was raised in Hull, Mass., a tiny beach town 20 miles south of Boston, where he
played on the same high school basketball team that he
remembers the way his
stomach turned flips when, in the summer before his
junior year in 1989, he
heard that the town had pulled its funding of school sports.
The local booster club - eight or nine sets of parents, really - raised enough money to keep the programs afloat that year.
So it was that Quatromoni, who is also Hull's athletic director, was quick to come up with a plan last year when the town axed all $265,000 from the high school athletic budget.
mobilized the booster club and the students.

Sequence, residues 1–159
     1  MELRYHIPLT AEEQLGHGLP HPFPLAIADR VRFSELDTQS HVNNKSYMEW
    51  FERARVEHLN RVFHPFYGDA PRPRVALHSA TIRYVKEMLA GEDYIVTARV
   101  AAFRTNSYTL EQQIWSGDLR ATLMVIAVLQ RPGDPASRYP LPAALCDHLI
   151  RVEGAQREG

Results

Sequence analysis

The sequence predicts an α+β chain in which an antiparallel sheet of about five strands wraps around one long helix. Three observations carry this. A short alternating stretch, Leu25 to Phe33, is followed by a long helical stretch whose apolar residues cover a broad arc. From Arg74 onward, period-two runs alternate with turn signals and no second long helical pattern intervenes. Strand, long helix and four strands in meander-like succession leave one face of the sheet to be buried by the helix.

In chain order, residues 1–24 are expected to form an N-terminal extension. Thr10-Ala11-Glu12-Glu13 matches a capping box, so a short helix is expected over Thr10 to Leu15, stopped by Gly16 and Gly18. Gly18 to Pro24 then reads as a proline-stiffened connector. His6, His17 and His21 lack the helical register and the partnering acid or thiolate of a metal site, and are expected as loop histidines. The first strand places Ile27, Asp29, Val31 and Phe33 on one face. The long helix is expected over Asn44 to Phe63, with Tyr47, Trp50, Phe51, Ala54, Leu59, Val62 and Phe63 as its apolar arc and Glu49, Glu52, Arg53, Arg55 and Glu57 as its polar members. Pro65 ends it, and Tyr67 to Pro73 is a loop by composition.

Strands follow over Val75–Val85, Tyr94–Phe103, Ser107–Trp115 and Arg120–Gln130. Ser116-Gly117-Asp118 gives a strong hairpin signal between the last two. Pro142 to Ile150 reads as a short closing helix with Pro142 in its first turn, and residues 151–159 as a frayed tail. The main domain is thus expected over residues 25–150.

A few weeks into the school year, he
raised more than $6,000 in sponsorships competing in a triathlon; this less than four months after surgery to resurface a hip.
"I thought it would be one year," Quatromoni
And so Quatromoni
, the boosters and the students are at it again, parking cars, collecting tolls at the beach, selling squares for a "meadow muffin" raffle, and, yes, running another triathlon, trying to repeat their work of a year ago.
"These kids have been fighting for us on these fields for so many years, I don't know how we can walk away from that.
It's time for us to fight for them."
Hull (Mass.) High School
"What I'm afraid of is that people who weren't in the trenches started feeling like it was business as usual around here," Quatromoni
thinks back to the steps Hull took to save sports a year ago and groans at the prospect of repeating them.
"It's a tireless group of parents we have here," Quatromoni